Sky-watchers this week get a rare chance to catch sight of a tricky cosmic target: Mercury. This most elusive of naked-eye planets puts on its best appearance of 2014 in the evening sky starting on Friday.
Locating this baked, barren world is usually a serious challenge, even for seasoned stargazers, because the planet never strays far from the glow of the sun. Mercury is the closest planet to our star—never traveling more than 43.5 million miles (70 million kilometers) in its orbit—so it always sets soon after sundown and rises just before sunrise.
But from now until February 4, Mercury is the farthest it will be from the sun all year—what astronomers call its great eastern elongation. This means folks in the Northern Hemisphere will be able to spot the planet in the twilight sky with the naked eye. It will be relatively high in the southwestern sky, ten degrees (about the width of your fist at arm’s length) above the setting sun.
Mercury will remain visible to the naked eye for up to one hour after sunset until early February, giving sky-watchers a small window of opportunity to catch sight of the planet. Thereafter, the planet resumes its place in the sun’s glare.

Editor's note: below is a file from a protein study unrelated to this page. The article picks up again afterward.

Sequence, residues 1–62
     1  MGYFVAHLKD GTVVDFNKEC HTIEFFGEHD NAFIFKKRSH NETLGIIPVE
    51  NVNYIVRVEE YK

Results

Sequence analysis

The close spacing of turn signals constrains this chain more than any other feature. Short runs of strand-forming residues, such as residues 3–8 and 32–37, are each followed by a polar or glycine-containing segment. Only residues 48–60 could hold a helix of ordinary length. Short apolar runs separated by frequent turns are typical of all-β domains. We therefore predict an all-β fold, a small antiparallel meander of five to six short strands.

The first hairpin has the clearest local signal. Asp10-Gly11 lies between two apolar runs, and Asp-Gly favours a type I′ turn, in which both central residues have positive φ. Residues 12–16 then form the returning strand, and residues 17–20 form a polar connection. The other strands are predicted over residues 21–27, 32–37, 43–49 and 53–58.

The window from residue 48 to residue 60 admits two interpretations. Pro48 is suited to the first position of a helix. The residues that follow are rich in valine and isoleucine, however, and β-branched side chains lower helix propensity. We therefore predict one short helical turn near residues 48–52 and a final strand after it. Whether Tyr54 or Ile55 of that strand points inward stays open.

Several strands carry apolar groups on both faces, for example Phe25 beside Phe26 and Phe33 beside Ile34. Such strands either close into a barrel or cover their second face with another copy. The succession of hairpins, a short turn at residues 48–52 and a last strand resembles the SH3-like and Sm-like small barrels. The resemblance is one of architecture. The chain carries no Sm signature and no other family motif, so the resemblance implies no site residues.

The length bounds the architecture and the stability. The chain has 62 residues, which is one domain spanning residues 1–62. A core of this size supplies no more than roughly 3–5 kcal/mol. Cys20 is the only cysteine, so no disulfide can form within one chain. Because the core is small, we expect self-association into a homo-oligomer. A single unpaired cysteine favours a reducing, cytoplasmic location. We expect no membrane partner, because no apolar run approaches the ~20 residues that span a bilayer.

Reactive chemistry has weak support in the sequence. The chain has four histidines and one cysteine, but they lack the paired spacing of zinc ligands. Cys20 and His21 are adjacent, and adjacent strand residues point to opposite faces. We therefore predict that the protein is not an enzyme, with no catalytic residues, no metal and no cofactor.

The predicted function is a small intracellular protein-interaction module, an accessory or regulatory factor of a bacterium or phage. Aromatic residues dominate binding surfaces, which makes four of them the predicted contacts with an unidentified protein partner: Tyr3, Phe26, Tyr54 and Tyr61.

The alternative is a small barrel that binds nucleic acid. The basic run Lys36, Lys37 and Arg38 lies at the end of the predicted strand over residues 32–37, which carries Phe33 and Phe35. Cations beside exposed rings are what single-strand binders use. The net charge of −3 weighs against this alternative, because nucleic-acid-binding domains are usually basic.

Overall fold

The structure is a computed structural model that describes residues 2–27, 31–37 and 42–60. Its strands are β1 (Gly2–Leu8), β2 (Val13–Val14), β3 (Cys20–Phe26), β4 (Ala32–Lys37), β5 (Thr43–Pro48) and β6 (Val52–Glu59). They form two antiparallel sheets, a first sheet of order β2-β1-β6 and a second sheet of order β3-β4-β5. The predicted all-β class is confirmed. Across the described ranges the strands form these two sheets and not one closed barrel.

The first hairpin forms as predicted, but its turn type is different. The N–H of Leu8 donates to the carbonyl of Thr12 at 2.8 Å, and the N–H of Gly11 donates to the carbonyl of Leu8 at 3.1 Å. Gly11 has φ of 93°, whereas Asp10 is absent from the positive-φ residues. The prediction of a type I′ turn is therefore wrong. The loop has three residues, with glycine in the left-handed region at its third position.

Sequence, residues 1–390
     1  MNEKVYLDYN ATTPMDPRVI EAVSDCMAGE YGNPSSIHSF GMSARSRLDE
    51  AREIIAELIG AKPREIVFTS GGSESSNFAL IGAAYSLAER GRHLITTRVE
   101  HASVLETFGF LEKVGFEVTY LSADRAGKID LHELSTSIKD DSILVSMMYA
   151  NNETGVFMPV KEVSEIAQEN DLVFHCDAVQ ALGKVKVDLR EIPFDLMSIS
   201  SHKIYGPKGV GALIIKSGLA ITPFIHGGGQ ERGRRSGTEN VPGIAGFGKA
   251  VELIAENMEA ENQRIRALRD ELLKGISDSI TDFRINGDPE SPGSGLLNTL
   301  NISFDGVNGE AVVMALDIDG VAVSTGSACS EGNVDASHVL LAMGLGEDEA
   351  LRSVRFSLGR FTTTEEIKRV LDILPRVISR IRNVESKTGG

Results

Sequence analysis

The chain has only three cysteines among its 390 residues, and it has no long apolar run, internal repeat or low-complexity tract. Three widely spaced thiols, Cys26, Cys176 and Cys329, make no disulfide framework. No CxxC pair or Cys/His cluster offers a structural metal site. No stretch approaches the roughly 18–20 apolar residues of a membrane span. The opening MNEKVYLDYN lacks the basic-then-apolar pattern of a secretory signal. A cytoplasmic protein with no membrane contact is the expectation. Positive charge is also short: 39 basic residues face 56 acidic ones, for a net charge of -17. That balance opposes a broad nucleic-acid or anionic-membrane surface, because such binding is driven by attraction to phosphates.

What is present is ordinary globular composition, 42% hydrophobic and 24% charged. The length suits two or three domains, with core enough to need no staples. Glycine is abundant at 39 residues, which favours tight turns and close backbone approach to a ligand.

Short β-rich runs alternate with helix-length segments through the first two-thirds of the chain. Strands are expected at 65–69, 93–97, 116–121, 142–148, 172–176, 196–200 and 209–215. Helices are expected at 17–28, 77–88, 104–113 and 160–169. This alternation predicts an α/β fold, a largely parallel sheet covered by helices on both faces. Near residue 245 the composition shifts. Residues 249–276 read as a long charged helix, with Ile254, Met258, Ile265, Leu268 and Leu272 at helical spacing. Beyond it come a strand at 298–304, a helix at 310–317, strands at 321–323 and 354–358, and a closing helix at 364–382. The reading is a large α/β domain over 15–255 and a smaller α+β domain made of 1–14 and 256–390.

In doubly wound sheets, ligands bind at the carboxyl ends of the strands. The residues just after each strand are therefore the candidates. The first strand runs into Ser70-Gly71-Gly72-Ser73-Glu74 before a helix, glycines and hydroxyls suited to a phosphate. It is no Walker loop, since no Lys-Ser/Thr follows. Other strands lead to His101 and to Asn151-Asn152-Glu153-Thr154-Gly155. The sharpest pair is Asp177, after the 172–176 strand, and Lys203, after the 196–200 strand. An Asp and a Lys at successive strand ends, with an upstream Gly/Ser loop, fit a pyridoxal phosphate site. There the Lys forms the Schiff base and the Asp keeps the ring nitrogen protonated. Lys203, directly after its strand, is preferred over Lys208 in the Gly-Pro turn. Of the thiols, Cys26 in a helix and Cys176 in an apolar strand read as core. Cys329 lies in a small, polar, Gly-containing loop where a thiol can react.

Knowing where and when to look will make it easier to spot this speedy little planet. First, find a viewing location that has a totally clear line of sight toward the west. Go out with binoculars about 30 minutes after sunset and scan the southwest horizon for Mercury to appear as a yellow-orange star.
Look for the razor-thin crescent moon 20 degrees above the southwestern horizon at dusk on February 1. Mercury will appear about ten degrees below it. By Sunday evening, the crescent moon will rise to double its distance above and to the left of Mercury.
If you miss this viewing opportunity, you will have to wait until May for another glimpse of Mercury—but your chances won’t be as good then because the planet will be buried deeper in the glow of sunset.